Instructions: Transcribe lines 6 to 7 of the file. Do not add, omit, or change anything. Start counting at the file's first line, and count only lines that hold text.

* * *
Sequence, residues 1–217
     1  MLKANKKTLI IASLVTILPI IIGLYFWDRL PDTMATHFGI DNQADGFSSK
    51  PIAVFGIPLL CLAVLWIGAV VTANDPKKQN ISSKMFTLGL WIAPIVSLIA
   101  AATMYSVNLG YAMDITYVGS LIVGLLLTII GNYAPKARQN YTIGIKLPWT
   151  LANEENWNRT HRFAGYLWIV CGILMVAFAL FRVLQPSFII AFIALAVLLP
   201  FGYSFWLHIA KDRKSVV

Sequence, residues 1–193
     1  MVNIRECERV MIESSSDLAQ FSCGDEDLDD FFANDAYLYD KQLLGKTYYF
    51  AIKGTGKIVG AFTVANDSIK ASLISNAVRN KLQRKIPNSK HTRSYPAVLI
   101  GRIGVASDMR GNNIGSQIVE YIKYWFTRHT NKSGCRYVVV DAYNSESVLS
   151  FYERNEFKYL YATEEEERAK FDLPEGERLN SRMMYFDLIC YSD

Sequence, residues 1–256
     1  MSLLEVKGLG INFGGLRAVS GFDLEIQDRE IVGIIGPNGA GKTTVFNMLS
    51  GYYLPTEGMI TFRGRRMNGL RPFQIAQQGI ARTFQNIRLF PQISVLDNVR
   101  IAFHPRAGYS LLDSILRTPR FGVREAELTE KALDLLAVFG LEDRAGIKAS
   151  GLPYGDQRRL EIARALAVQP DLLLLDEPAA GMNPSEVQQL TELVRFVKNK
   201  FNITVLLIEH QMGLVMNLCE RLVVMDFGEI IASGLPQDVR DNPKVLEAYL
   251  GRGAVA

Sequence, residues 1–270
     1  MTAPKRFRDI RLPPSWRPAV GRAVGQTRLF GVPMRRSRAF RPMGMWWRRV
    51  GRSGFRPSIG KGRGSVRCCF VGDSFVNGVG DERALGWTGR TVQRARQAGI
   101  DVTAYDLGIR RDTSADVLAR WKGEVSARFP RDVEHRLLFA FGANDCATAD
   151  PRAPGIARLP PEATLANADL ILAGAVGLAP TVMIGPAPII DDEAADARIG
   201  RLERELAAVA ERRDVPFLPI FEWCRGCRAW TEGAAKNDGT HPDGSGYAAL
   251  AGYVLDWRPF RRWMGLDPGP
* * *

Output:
   201  FGYSFWLHIA KDRKSVV

Sequence, residues 1–193